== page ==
Student dropout in Germany: A longitudinal analysis of institutional measures in the introductory phase
Institutional Research for Responsibility
Maximiliane Marschall et al, IHF - Bavarian State Institute for HE Research & Planning, Germany
Single presentation - 30 Minutes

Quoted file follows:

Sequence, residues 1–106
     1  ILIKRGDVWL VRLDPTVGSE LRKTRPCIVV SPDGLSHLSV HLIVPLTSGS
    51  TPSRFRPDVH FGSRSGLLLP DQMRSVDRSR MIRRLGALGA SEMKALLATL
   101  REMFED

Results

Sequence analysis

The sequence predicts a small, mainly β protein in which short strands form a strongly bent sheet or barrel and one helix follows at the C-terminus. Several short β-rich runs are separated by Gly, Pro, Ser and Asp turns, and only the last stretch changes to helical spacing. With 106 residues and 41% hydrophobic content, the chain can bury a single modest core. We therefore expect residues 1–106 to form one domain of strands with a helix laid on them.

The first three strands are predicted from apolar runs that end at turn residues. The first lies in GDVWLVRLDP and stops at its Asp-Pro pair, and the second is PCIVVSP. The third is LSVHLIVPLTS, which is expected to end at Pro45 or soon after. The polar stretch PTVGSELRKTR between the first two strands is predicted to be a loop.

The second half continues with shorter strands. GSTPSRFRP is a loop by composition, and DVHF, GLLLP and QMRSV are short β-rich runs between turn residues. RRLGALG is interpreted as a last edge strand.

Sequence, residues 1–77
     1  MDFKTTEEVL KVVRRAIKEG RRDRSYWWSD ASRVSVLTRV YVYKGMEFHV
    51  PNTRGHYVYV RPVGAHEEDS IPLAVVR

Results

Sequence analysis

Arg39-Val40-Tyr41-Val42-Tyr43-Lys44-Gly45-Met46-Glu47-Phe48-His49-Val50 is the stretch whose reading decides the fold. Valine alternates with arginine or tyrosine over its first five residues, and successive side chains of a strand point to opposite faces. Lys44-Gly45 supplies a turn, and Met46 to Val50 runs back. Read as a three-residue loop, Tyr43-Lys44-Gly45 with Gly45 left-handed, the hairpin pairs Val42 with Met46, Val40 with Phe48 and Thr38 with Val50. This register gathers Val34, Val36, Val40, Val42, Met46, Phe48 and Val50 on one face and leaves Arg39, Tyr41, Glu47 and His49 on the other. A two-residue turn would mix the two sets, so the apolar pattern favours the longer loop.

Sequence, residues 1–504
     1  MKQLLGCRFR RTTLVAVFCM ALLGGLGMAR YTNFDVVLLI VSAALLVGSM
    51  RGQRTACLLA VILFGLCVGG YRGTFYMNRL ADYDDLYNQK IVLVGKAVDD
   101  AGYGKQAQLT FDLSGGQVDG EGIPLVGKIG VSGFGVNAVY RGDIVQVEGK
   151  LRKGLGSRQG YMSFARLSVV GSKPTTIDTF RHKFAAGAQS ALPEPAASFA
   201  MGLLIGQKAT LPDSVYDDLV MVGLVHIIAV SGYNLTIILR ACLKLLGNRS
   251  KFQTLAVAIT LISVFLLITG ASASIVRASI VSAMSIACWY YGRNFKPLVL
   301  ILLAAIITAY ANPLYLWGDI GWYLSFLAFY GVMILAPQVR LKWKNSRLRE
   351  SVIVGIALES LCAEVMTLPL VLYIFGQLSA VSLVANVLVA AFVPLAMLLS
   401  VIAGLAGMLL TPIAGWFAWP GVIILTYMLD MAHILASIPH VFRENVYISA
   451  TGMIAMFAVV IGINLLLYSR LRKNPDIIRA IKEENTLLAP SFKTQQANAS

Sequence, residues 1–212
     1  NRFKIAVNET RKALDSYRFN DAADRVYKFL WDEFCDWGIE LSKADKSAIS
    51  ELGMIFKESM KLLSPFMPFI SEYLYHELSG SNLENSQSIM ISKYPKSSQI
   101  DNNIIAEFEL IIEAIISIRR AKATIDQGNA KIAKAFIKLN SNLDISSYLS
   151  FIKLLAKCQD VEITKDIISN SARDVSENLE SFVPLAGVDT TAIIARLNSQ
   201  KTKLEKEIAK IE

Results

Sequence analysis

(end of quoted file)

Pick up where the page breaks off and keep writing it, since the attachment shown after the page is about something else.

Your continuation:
High student dropout rates in higher education demand for research not only on individual but also on institutional characteristics which might increase student retention. However, little research is done on the effectiveness of institutional measures on students’ success probability. This study provides answers to the following questions: Can student participation in certain programs of personal and professional support contribute to a decrease in the risk of student dropout and, if so, how are these effects mediated? Are certain groups of students e.g. students from lower social-economic status more likely to benefit from them? Drawing on concepts of Bourdieu (1982), DiMaggio (1982) and Coleman (1988), we argue that institutional measures can reduce student dropout by accumulating social and cultural capital over the course of studies. We also expect students from social groups with a low endowment of capital to benefit more from participating. Using data from the National Educational Panel Study (NEPS), starting cohort 5, we apply a stepwise event history analysis with competing risks. First preliminary results suggest that attending bridging courses and orientation events to get to know fellow students can help to reduce the risk of student dropout by increasing academic performance, social integration and satisfaction. These findings emphasize the important role of higher education institutions in supporting their students from the beginning of their studies.